Of Mice and Men

Yes, ok,  I know it’s been more than a month since this was last updated.

Yes, I agree that’s not really regularly enough to count as being a “proper blog”  – (if the definition of such a thing exists! )

Anyway,  a belated Happy New Year ( oh and Merry Christmas too, seeing as I’m being tardy with my felicitations). I’d love to say there’s been lots happening here but sadly I would be misspeaking if I were to say so…….

The last entry had me babbling enthusiastically about the dogs, how well they were performing, how great the cold and snow have been, how good it was to have the team regularly running up to 9 miles. Mentally and physically they, and I, were in pretty good shape. Our first race was a month away – we were only a couple miles short of race distance and things were looking rosy.

My dog truck is a Mercedes Sprinter van, typical of the type of vehicle used by many dog teams in the UK. It’s only 5 years old, done 150 000 miles and according to “urban legend # 327” should be good for another 150 000 before it thinks about having a rest. Obviously, nobody has told my van any of this. Over the preceding few weeks, it has been getting  exceedingly temperamental. Refusing to start if it considered it was too cold. Drinking gallons of coolant with seemingly no visible reason why. And worst crime of all – providing a home for a family of mice.  This latter failing was discovered in October, following one of my rare tidy ups ( ok, I was looking for my fid kit which I could have sworn was somewhere in that van.) The discovery of a couple of wrist wraps with what appeared to be chew marks right down the centre of them, combined with the numerous holes in a fleece blanket, a glove which seemed to be less waterproof than it should be due to a gaping hole in the palm, and the subsequent identification of mysterious black “things” all over the passenger footwell as being mice poo – these all served  to confirm what I had fleetingly suspected when I had noticed engine bay insulation was disappearing – this noticed during the frequent coolant top ups.

My dogs resting in their truck
My dogs resting in their truck

I’m all for live and let live. I’m sure mice do actually have a purpose and they’re not the worst varmints I can think of , by a long way. However, I’m not having them eating my dog food and I’m not having them living in my dog truck. War was called for.  I cleared a space (not as easy as you might think) in the truck and set a couple of traps, baited with peanut butter and waited. In the morning, success – that’s 2 less mice in the world. I repeated this process the next night, catching another mouse. And again, and again, and again…………………  The final tally was 9  – quite how 9 pesky mice came to be living in my truck baffles me, but I haven’t caught any in weeks and I’m hopeful that word has got out that Hotel Sprinter is closed to unwelcome visitors.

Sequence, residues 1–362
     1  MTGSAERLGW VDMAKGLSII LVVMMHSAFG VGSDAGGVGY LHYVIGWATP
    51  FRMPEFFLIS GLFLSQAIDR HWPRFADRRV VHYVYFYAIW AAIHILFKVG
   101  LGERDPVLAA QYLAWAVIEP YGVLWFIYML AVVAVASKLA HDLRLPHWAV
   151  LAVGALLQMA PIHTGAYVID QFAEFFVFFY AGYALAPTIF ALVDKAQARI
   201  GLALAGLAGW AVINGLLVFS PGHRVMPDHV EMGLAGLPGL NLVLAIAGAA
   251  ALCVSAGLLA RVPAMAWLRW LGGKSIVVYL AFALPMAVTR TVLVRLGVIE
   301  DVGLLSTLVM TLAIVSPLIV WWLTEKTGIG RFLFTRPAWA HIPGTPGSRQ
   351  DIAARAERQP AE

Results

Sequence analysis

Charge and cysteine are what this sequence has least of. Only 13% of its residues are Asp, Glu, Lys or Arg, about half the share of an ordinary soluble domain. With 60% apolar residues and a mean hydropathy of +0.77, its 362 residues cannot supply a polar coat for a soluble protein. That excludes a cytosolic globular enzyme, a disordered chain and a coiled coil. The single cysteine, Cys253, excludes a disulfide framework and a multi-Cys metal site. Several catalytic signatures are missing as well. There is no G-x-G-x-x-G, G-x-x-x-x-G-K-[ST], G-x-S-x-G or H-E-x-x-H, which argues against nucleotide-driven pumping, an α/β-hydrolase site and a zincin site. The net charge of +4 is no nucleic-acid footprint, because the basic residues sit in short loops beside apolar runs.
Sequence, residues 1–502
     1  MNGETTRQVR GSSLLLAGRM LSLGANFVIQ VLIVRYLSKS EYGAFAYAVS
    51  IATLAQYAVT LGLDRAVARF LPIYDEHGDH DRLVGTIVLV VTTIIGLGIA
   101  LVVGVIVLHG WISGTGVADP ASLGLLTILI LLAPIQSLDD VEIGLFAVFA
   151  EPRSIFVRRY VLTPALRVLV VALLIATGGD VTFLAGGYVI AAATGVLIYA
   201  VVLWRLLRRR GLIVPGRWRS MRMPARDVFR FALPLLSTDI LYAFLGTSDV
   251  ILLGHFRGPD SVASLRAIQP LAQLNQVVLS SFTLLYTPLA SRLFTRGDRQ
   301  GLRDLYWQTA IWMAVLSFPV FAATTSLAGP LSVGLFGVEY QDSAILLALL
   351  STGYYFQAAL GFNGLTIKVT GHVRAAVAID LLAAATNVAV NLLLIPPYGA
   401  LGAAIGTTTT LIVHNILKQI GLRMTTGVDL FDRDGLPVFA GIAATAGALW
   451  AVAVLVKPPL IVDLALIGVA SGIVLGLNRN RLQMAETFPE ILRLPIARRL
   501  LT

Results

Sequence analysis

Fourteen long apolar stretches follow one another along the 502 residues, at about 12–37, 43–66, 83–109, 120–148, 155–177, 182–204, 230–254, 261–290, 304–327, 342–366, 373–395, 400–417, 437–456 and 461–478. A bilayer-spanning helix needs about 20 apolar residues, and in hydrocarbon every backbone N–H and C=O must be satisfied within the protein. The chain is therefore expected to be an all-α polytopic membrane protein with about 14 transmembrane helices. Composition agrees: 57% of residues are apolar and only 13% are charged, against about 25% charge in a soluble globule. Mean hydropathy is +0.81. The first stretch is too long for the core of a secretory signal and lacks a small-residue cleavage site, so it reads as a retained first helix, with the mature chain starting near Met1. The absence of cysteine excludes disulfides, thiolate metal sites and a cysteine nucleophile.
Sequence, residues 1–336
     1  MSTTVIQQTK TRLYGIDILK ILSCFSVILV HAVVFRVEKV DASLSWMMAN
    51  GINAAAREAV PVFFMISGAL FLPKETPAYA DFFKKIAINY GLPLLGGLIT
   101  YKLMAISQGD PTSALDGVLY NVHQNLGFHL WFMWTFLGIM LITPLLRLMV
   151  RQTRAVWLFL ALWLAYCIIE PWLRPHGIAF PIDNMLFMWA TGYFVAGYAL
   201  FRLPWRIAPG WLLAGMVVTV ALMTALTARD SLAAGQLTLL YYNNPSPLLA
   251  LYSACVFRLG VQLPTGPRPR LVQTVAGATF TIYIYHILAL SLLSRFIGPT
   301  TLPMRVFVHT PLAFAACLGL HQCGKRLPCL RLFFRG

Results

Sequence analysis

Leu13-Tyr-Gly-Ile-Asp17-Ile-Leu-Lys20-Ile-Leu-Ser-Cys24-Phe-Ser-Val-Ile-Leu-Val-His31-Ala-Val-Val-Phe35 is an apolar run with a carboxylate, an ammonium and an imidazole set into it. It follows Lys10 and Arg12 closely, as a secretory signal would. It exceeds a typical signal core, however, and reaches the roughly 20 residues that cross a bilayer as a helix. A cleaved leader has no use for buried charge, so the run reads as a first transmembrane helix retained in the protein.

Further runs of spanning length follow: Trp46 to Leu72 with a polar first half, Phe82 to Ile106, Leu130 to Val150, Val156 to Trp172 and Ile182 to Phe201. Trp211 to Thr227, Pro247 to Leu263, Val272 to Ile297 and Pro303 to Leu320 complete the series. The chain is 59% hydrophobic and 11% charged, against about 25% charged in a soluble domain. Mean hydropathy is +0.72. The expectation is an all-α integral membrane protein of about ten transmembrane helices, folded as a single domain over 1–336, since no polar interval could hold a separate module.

However, my van troubles don’t end there.  I was scheduled to return home early in December from training at the Croft as we had tickets to see Runrig in concert on 5 December.  The morning I was due to head south, the van refused to start, again, and I had to get the breakdown service out to get it going. Once home, I arranged to have it looked at by a local garage the following week.  Of course, the van wouldn’t start to get it there, so it had to be tow started.  At the garage, much humming and hawwing, poking and prodding, – the upshot being a replaced diesel pressure switch and advice that there was water in the engine. Now, that bit I could have told him – and actually already had. I left with his sage words ringing in my ears ” if it won’t start tomorrow, it needs major work and I’m not doing it” – I think he needs a customer relations course.

With the van happily back in my hands, I planned on heading north to resume training – and reckoned a quick trip to Dog Sport Scotland’s trails down at Ae Forest would make a nice change before hitting the Highlands again. The next day, I loaded the dogs, hitched the trailer with the atv and jumped into the van – and jumped out moments later, muttering veiled and not so veiled deprecations on the entire Mercedes Benz design and production staff, mechanics generally and my guy specifically.  The dogs seemed none too impressed either, getting unloaded without getting a run.  The earliest I could get the van booked in to be looked at was the following week.  Of course, the day before that was due to happen, I hurt my back again. It’s an intermittent thing that seems to flare up for no good reason, but when it does, boy, do I go down fast. Unable to move, never mind drive, the non-starting van was suddenly not an issue and so delay heaps upon delay.  By the time Christmas came around, I was feeling much better and tried to rearrange an appointment to get the van into the garage again. Due to the holidays (and we take New Year as a holiday seriously here in Scotland) the first date I could get was 5 January.

So, now the van has been in there a week, and all they can tell me so far is what is NOT wrong with it.

So, it’s the middle of winter, the dogs have been idle for 5 weeks now, there’s no clue as to when my truck is going to be back on the road, my training schedule is goosed, and I’m in serious doubt about being able to field a team for a race I’m helping to co-organise in the middle of February.

Just to cheer myself up, I’m going to include a couple of photos from those happier times, when all was well with me, my dogs, my van and my plans.

As the Bard says,  “The best laid schemes o’ mice an’ men, gang aft agley”

Wink and Teague leading on a local trail from the Croft
Wink and Teague leading on a local trail from the Croft
Ruya and Teague leading in the snow at Deer Park
Ruya and Teague leading in the snow at Deer Park
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